Last week I wrote a commentary about the worrying circumstances surrounding Burundi’s run-up to the 20 May 2020 elections. Burundi’s tragic history has been mainly blighted my military leadership, identity strife and an exodus of refugees. Melchior Ndadaye’s democratic government in 1993 was swiftly snuffed out by the army, and the ensuing events plunged the country into civil war. From a history of what could be termed as chronic instability, Pierre Nkurunziza’s presidency from 2005 appears comparatively calm. However, it was a calm that was enforced through state-sponsored terror. Suppression of civil rights has been the main feature in that country, perpetrated by the objectionable youth league of the ruling party, the Imbonerakure. The Burundian government has been very contemptuous of international initiatives aimed at helping the stabilization. The latest demonstration of this hostility to international initiatives is the recent expulsion of WHO’s top official in Burundi, Doctor Walter Kazadi Mulombo, the country’s coronavirus coordinator Dr Jean Pierre Mulunda Nkata, communicable diseases head Dr Ruhana Mirindi Bisimwa, and a laboratory expert in the testing for COVID-19, Professor Daniel Tarzy. This, of course, comes at the back of Burundi’s irresponsible handling of crowd control during campaigns. In November 2018, the Chairperson of the African Union Commission, Moussa Faki Mahamat travelled to Arusha, was to provide an opportunity for the Facilitator of the Inter-Burundian Dialogue to submit a report on his efforts at the East African Community Summit. Alas, the proposed Summit was postponed. The anodyne communiqué that was published by the African Union does not convey the urgency and magnitude of the problem at hand.
The Human Rights Council (HRC) established a Commission of Inquiry on Burundi, to underline the enormity of what is going on in that country. The findings of the Commission assert that Burundi is indeed in political turbulence with primary and full participation and employment of state agencies and personnel. The HRC noted that its entreaty to the Government of Burundi to cooperate fully with the Commission, to authorize it to conduct visits to the country and to provide it with all the information necessary to fulfil its mandate went unanswered. The Human Rights Watch has also been forced to leave Burundi and do its work from outside the country and through surreptitious methods within Burundi. All these factors conspire to make a deadly cocktail of what is likely to follow after the May 20 elections. The Burundian government suggested that election observers intending to monitor the elections will have to be subjected to 14 days of mandatory quarantine. This is laughable on two accounts: First, the 14 days would lapse after the elections have already happened. Second, with its cavalier attitude towards COVID-19, it is ridiculous for the Burundian government to urge international observers to be cautious. The government is all too aware of how high the stakes are in the upcoming election.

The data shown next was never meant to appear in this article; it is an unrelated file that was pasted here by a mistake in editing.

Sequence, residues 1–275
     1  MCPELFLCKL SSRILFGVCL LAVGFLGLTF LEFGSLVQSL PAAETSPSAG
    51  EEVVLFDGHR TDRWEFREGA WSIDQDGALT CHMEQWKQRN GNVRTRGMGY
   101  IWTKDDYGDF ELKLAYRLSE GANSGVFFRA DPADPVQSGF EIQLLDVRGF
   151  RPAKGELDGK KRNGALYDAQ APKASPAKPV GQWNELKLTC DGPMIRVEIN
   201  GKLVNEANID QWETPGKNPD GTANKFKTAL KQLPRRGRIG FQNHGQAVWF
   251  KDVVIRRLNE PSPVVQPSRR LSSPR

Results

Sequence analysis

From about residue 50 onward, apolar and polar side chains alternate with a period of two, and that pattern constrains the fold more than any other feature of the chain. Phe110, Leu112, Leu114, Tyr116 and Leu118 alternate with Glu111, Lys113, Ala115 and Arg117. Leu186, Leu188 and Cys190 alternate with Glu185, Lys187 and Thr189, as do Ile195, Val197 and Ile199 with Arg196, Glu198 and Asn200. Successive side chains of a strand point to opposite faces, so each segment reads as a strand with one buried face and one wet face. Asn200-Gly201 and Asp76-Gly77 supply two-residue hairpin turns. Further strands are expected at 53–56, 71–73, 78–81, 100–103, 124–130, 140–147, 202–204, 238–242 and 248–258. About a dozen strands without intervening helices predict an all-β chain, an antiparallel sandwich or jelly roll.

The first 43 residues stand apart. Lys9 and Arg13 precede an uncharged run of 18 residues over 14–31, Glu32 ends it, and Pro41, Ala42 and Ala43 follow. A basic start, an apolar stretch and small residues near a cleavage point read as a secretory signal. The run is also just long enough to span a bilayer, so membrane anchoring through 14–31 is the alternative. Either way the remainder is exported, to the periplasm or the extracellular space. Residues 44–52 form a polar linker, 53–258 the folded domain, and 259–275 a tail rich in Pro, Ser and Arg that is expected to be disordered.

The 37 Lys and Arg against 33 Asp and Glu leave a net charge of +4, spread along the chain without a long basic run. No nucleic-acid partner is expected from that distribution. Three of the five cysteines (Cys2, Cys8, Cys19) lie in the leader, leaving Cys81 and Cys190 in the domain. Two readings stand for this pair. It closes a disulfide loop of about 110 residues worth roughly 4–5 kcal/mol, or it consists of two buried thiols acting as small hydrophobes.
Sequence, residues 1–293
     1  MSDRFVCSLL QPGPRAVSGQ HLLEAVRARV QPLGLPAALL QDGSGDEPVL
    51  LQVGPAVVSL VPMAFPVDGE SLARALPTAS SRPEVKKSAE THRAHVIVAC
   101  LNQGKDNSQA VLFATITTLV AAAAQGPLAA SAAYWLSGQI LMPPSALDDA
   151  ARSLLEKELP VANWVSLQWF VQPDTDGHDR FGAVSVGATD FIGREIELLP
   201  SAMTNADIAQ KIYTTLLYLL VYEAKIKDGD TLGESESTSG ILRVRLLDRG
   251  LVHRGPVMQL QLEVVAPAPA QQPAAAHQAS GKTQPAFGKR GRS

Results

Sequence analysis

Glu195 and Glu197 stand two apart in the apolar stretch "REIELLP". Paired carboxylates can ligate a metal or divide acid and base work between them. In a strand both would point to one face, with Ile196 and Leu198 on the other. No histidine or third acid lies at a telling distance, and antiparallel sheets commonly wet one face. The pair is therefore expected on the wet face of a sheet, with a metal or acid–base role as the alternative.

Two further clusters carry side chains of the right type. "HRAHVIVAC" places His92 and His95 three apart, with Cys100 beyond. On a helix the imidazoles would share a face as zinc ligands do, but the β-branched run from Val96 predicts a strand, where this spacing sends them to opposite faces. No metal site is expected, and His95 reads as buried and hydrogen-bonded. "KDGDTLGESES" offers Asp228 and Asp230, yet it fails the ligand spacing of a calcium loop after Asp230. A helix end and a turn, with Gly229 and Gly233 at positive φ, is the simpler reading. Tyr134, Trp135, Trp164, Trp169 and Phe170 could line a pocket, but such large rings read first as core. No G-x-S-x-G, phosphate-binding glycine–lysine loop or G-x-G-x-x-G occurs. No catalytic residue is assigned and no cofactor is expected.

The ruling party, the CNDD-FDD, made a terrible and embarrassing blunder of posting a huge crowd of people and claiming that they were its supporters. The party was forced to take the picture down when it was mentioned that the crowd actually went to the opposition’s CNL rally. The misinformation has the markings of a desperate party, acutely aware that it could be on its last days in government, assuming that all things will go fairly during the elections. For its self-serving motives, the ruling party has no interests in relinquishing power to an opposition that will be hard-pressed to tackle the excesses of the Nkurunziza administration. On the other hand, the opposition will likely reject any result that might be in favour of the ruling party. If Burundi’s history is anything to go by, the probable post-election deadlock is likely to engulf the entire country in violence. It is noteworthy that the main contenders both identify are Hutu. This is cardinal in a country where ethnic salience has been powerful enough to disrupt national leadership and stability. However, that the main contenders belong to the majority tribe will have even far-reaching consequences should internecine conflict ensue.
In the midst of all this volatility, the AU appears to be prostrate. Tiny as it is, Burundi has the effect of destabilising the entire East Africa. Should violence ensue, which country in East Africa is prepared to take the inevitable droves of refugees from a country whose response to the coronavirus pandemic has been callous, to put it politely? The AU should be firm in helping to guide Burundi to stability in these troubled times. The situation already appears to be almost too late, and hence the AU might have lost its time for an effective initiative. However, a strong statement, from the AU, expressing concern about how Burundi is handling both the campaign and the coronavirus, could send a good salvo to Nkurunziza and his underlings. In the meantime, it would also be advisable to put AU forces on standby because things might just go ugly in Burundi.
Emmanuel Matambo is a Senior Researcher at the University of Johannesburg’s Centre for Africa-China Studies (CACS0